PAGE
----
Nitrate (umol/L): 0.757 - 0.757
  Salinity (PPS): 36.186 - 36.186
  Oxygen (ml/l): 4.519 - 4.519
  Phosphate (umol/l): 0.118 - 0.118
  Silicate (umol/l): 1.328 - 1.328

Graphical representation

Depth range (m): 33.5 - 100
 
Note: this information has not been validated. Check this *note*. Your feedback is most welcome.

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Conservation

Threats

Not Evaluated
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Wikipedia

Unicorn crestfish

The unicorn crestfish or unicornfish, Eumecichthys fiski, is a very rare, little-known species of crestfish in the family Lophotidae, and the only member of its genus. It likely has a worldwide distribution, having been first discovered offshore of Kalk Bay, South Africa, and subsequently reported from the Sea of Japan, southwest Florida, Clarion Island off Mexico, Hawaii, and India. A report from the Bering Sea may have been in error. It is found in the bathypelagic zone, at a depth of around 1,000 m (3,300 ft).[1][2]

The head of a unicorn crestfish.

This fish has ribbon-like body measuring up to 150 cm (59 in) in length.[1] Its common name comes from a horn-like supraoccipital process projecting forward of its eyes.[3] The upper jaw is protrusible, and the jaws contain small conical teeth.[4] The dorsal fin runs along the entire length of the body and contains 310-392 soft rays; the first three to five dorsal rays at the tip of the projecting ridge are elongated into a pennant. The pectoral fins contain 13-15 rays; the pelvic fins are absent. The anal fin contains five to 9 rays and in adults is split lengthwise to form two rows of nubbins. The caudal fin contains 12-13 rays, with the bottommost ray enlarged and bony. The coloration is silvery with 24-60 dark subvertical bands. The dorsal and caudal fins are crimson.[5]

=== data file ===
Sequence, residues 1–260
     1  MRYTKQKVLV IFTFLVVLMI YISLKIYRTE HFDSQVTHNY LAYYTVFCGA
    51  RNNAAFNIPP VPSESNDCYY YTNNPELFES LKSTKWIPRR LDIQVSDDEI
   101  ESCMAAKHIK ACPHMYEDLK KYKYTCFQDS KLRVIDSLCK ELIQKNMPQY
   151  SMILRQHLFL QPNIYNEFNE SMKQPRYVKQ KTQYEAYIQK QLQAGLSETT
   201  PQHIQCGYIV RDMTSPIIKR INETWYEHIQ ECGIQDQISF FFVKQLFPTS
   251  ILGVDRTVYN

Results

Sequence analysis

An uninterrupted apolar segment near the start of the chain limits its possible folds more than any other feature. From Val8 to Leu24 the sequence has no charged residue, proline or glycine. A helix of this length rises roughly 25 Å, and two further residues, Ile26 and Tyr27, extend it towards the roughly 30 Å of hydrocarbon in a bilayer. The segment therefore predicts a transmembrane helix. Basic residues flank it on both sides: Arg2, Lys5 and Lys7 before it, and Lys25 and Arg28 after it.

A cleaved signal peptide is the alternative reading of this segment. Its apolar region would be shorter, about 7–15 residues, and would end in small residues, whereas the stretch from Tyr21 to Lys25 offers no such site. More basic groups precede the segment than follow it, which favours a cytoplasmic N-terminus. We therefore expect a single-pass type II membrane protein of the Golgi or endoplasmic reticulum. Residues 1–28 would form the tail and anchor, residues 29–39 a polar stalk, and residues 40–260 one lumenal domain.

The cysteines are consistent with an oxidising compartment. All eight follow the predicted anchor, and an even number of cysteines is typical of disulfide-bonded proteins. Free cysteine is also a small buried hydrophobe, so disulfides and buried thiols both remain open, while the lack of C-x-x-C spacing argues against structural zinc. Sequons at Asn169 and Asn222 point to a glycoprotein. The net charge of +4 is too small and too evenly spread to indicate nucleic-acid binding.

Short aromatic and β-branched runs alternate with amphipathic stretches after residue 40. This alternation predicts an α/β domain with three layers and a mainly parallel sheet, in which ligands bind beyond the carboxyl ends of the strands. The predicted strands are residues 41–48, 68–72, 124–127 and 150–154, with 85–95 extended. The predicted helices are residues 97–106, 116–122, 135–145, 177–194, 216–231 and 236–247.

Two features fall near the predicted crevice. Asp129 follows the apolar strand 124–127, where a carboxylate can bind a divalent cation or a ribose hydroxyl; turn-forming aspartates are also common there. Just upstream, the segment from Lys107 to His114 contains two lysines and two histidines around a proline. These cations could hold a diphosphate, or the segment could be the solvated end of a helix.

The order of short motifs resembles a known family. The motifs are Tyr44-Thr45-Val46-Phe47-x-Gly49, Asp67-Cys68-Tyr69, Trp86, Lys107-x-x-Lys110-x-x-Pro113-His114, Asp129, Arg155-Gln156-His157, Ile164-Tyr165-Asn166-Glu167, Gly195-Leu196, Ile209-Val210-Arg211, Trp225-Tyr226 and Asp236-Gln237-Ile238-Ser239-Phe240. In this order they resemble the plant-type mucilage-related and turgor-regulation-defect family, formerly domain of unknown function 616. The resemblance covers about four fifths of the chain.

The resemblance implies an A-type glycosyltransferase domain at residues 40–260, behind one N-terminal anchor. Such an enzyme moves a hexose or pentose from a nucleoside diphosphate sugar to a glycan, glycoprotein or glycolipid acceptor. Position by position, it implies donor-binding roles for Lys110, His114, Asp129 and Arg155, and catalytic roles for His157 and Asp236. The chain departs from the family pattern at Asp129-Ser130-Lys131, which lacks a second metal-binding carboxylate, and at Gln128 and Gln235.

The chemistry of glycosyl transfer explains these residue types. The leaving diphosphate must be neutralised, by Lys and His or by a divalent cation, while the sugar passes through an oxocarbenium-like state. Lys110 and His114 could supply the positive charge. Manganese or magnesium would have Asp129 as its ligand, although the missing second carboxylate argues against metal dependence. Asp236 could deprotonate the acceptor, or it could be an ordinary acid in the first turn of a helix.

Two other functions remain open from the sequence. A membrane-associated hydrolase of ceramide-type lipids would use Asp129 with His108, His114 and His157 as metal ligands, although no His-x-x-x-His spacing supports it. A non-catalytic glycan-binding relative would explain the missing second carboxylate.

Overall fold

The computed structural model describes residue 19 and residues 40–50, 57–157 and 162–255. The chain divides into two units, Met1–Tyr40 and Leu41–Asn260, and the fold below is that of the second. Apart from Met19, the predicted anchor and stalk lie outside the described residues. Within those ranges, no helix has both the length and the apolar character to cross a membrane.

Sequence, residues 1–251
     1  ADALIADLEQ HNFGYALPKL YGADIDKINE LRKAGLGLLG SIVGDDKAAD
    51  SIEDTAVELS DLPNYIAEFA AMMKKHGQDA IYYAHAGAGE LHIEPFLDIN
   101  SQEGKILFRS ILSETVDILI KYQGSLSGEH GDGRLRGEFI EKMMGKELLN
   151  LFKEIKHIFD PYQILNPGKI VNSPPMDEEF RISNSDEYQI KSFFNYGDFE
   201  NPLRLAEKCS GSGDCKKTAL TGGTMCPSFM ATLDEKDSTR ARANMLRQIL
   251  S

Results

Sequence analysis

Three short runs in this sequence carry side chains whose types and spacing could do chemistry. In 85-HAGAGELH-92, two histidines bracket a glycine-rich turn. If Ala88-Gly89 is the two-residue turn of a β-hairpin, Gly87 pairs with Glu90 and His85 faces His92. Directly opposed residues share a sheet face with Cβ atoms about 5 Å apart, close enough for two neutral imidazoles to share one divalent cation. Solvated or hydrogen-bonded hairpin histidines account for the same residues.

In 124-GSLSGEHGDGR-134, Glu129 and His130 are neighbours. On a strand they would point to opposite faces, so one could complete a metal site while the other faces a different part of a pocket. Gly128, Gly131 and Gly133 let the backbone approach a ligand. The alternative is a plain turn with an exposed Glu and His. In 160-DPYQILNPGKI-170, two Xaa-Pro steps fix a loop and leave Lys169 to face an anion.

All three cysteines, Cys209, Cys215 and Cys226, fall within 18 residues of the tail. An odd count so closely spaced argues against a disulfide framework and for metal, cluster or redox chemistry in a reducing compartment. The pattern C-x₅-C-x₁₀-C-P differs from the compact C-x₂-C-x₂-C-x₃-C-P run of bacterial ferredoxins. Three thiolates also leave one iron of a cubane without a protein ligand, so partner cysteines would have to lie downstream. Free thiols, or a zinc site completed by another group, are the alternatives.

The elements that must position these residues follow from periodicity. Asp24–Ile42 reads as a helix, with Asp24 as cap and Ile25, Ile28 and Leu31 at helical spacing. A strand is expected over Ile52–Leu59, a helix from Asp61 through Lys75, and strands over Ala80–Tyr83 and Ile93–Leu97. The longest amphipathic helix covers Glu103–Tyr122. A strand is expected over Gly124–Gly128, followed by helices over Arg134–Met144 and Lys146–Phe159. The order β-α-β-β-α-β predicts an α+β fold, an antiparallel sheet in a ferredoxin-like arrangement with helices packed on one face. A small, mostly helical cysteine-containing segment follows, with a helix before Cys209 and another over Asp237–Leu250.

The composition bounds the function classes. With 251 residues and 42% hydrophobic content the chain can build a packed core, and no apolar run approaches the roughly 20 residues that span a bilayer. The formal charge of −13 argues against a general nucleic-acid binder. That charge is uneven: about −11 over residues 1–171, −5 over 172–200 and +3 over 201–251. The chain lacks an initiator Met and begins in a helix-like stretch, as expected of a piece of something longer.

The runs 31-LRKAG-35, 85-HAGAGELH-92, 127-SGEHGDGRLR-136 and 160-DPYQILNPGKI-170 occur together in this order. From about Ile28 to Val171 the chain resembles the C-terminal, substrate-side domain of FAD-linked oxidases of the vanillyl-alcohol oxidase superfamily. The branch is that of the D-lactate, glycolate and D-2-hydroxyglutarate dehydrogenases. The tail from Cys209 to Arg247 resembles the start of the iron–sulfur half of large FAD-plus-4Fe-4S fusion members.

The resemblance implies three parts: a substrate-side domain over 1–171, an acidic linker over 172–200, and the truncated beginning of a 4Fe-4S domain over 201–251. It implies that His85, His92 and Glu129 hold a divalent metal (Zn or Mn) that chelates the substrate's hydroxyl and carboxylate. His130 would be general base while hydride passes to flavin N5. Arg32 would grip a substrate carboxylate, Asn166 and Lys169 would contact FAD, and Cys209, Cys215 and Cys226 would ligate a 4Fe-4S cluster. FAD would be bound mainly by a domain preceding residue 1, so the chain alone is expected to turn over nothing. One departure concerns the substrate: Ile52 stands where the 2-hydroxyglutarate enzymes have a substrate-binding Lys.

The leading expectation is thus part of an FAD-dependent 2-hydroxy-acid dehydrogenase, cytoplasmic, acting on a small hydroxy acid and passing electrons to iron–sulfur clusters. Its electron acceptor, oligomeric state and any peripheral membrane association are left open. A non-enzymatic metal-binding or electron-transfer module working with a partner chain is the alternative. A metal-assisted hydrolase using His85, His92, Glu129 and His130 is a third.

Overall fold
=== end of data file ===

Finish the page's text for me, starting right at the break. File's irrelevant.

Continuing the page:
Eumenichthys is one of three lampriform genera known to possess ink tubes, allowing them to expel a black fluid from their cloacae as a defense against predators. The ink tube is derived from a primitive gut and runs above and parallel to the intestine.[2] A known predator of the unicorn crestfish is the longnose lancetfish, (Alepisaurus ferox); a lancetfish 73 cm (29 in) long has been found that had swallowed a unicorn crestfish 55 cm (22 in) long.[6]

References[edit]

  1. ^ a b Froese, Rainer and Pauly, Daniel, eds. (2009). "Eumecichthys fiski" in FishBase. March 2009 version.
  2. ^ a b Honma, Yoshiharu; Ushiki, Tatsuo; Takeda, Masaei (Feb 1999). "Histology of the ink tube and its associated organs in a unicornfish, Eumecichthys fiskii (Lampridiformes)". Ichthyological Research 46 (1): 19–25. doi:10.1007/BF02674944. 
  3. ^ Richards, W.J. (2006). Early stages of Atlantic fishes: an identification guide for the western central North Atlantic. CRC Press. ISBN 9780849319167. 
  4. ^ Olney, J.E. (1998). "Lophotidae". In Carpenter, K.E. and Niem, V.H. FAO species identification guide for fishery purposes. The living marine resources of the Western Central Pacific. Food and Agricultural Organization of the United Nations. ISBN 92-5-104302-7. 
  5. ^ Smith, J.L.B., Smith, M.M. and Heemstra, P. (2003). Smiths' Sea Fishes. Struik. ISBN 1-86872-890-0. 
  6. ^ Fujita, K. and Hattori, J. (1976). "Stomach Content Analysis of Longnose Lancetfish, Alepisaurus ferox in the Eastern Indian Ocean and the Coral Sea". Japanese Journal of Ichthyology 23 (3): 133–142.